Nortel: Another Fine Mesh

Nortel plots commercial deployment of wireless LAN mesh gear

June 7, 2004

2 Min Read
Nortel: Another Fine Mesh

Nortel Networks Ltd. (NYSE/Toronto: NT) says it expects to see the first commercial deployments of its 802.11-based mesh networking technology by the end of this year.

The firm has been testing the technology -- intended to reduce the cost of providing wired backhaul to WiFi networks by (surprise!) removing more of the wiring -- with BT Group plc (NYSE: BTY; London: BTA) and Massachusetts Institute of Technology (MIT) since October 2003.

Nortel is now getting ready to start phase two of its MIT pilot. The company soon hopes to add a wireless ISP and a university in the U.S. to that that list -- as well as a number of other tests in Europe, Latin America, and the Caribbean, Todd Etchieson, director of wireless mesh network business management for Nortel tells Unstrung"There's a lot of anticipation in the market," Etchieson says. "I think we'll be seeing commercial deployments in the back end of this year."

Nortel's mesh technology uses a dual wireless LAN setup to work its magic. Network users can currently connect via 802.11b (11 Mbit/s over 2.4GHz), although Etchieson says that Nortel will soon offer an upgrade to the faster 802.11g standard (54 Mbit/s over 2.4GHz) on the user channel.

Backhaul to a wired Internet connection like a T1 line is handled over a separate 802.11a channel (54 Mbit/s over 5GHz). The a channel is used because it offers more bandwidth and less potential radio intereference than b.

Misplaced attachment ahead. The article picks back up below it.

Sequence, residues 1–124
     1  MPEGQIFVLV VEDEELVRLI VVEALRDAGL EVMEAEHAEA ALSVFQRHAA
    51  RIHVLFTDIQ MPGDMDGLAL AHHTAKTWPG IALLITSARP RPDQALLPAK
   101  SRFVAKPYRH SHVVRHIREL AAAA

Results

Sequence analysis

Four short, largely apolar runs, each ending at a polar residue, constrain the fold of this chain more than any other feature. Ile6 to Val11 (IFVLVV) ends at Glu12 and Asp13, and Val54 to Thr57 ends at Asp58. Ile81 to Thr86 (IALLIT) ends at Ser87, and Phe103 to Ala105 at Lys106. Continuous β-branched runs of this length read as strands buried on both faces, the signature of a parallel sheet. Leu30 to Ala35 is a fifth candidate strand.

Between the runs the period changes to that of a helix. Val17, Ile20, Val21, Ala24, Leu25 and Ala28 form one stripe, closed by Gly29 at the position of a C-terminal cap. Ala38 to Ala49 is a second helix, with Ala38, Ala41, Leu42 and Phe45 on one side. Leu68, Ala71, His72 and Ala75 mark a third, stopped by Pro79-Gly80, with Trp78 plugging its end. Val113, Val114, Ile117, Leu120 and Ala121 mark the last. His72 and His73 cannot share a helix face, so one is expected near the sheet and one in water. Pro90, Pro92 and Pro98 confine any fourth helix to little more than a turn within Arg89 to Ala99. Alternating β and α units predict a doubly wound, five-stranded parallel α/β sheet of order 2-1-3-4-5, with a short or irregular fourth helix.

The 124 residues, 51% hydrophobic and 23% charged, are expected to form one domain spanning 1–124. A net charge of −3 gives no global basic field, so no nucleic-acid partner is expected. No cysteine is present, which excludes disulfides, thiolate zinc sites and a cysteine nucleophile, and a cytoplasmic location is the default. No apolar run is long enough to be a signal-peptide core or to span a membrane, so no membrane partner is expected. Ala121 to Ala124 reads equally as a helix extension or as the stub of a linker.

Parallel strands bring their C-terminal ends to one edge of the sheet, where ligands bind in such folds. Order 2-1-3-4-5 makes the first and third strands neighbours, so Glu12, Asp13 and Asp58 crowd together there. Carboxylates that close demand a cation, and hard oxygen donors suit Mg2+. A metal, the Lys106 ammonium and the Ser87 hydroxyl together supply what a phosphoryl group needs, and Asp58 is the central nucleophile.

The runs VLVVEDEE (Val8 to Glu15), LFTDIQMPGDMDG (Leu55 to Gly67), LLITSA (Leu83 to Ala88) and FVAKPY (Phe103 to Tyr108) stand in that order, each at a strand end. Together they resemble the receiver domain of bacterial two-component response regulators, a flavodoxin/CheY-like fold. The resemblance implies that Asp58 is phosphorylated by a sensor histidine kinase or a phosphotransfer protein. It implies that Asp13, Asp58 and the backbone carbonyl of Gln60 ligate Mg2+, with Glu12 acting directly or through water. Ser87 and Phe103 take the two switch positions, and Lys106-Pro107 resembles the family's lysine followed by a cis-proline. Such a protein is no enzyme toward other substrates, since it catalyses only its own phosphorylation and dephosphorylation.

Of course, there's a little more to mesh networking than just a straight line between an access point and the Internet [ed. note: otherwise it wouldn't be much of a mesh then, would it?]. Unlike conventional wireless LAN access points, which are individually connected to a wired network, mesh systems exploit the multiple radio links available in an 802.11 system to extend the wireless range of the network, passing data back and forth over WiFi links to one or two wired connections at the end of the line.

Nortel is also using multiple antennas (a.k.a. "smart" antennas) in its mesh access points to increase range and capacity, although the company doesn't like to give detailed figures about the performance of its APs yet.

In general, the broad acceptance of 802.11 wireless LAN in public and private implementations has helped to spark more interest in mesh networking applications for wireless technology.

Nortel's rivals in this space include many startups like BelAir Networks, and Firetide Inc., Strix Systems Inc.. But it seems that Nortel may be the first of the major networking players to commercially deploy the technology.

— Dan Jones, Site Editor, Unstrung

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